Thursday, September 06, 2012

September Pause

Sweet Cherry Tomatoes


Late Butter Lettuce

Roma Tomatoes

Waterdrops on Spider Web

Spider Web, the Sequel

It's my hope that you enjoy the season which surrounds you!

Thursday, March 22, 2012

'Closed' to be Open

When I was a kid most stores were closed Sundays.

Until 7-11's came along. In their wake we, as consumers, learned that we had a safety net in case we forgot milk, eggs, or bread. The safety net caused our diligence to dull. One thing led to another and here we are, a plethora of open stores available every single day - and night - opportunities for shopping 'round the clock, which on its face doesn't seem like a bad thing, until we realize we traded rest for convenience.

Lately, nostalgia has crept into my soul. Sunday used to be a special day, and not just because my family and I are church participators. No, the whole country observed the notion of rest. As a child I didn't appreciate the cessation, the interruption of life's busyness. Today, I feel the loss.

Pleased to find this Sabbath Manifesto whose goal is to encourage us to slow down in an increasingly hectic world. I've printed up their Ten Principles for later perusal. I've taken The Pledge.  From sunset Friday, March 23, to sunset Saturday, March 24, I intend to unplug, to allow my soul the space to calmly realize who I am and what I need and want, to allow my mind a breather from the constant input of this technological age, and to allow my heart the opportunity to give wherever there may be need which I can meet.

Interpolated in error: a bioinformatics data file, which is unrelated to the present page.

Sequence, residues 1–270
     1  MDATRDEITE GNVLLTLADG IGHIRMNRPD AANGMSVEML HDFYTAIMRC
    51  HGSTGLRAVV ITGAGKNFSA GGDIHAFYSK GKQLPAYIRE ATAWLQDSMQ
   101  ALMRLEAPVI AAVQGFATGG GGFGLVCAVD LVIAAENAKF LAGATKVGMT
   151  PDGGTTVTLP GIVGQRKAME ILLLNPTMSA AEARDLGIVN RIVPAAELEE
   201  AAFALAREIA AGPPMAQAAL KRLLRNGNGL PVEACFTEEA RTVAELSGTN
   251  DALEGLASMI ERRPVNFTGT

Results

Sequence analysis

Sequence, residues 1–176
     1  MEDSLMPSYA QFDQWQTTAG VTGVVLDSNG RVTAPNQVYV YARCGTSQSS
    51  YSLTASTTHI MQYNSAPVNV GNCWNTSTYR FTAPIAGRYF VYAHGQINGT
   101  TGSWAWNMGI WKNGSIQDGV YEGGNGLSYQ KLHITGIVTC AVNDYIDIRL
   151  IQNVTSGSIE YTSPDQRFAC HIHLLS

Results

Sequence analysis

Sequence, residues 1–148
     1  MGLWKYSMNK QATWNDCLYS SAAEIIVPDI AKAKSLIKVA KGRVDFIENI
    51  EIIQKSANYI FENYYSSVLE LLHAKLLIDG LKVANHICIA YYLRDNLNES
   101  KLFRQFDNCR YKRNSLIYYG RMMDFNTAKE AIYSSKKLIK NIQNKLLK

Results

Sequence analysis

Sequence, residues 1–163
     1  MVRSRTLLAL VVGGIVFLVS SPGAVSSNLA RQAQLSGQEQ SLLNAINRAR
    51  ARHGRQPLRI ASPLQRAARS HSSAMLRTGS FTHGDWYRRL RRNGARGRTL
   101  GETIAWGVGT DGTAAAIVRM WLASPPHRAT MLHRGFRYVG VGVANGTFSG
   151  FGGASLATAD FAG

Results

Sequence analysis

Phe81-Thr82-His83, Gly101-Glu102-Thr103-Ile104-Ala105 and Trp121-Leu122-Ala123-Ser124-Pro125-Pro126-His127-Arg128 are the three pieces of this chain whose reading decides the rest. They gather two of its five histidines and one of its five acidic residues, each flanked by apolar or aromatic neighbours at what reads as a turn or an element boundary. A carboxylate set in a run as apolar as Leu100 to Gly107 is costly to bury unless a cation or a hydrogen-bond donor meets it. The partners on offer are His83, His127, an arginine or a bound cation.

We'll see how it goes.

For me, unplugging means the cell phone - which I only turn on when I'm away from home in case the kids or husband need to contact me - stays off. The computer can get along without me for a day. The television - and Netflix (that will be the hard one) can save electricity by remaining off for me. (It may be difficult if others in the household find my Pledge uncompelling, but this house has many rooms.) Avoiding commerce, easy. Getting outside, lighting candles, eating bread, yes! Connecting with loved ones shall mean more than asking them to 'throw another log on the fire'. No, it will be a pleasure to listen, share, seek mutual understanding, perhaps invite some friends over. Drink wine? Probably not. The effects of alcoholism in the lives of loved ones has slashed too much of my heart lately so this is best avoided for now. But a nice Draper Valley Juice would add much. Nurturing my health sounds like bliss - a brisk walk, eating real food, a warm bath, a clean bed, meditation in a dimly lit room. Giving back, yes. I eagerly look for God's guidance in this. Finding silence, not easy in a house full of adult children, a hyperactive husband, and a beagle. But I shall find it nonetheless, perhaps in the quiet morning hours while sleep restores bodies, or on a solitary walk.

This Challenge takes place on Saturday, and I will engage thusly. Sunday, however, is the day I intend to rescue from then on out. Sunday, a day of rest. A day to remember the resurrected Savior, to remember me, to remember you, and to remember the relationship which gently cradles the three.

'Closed' seems negative. 'Open' positive. However, in this case closed means freedom to be open. And I am eager for it!

Sunday, February 19, 2012

Choose One's Own Way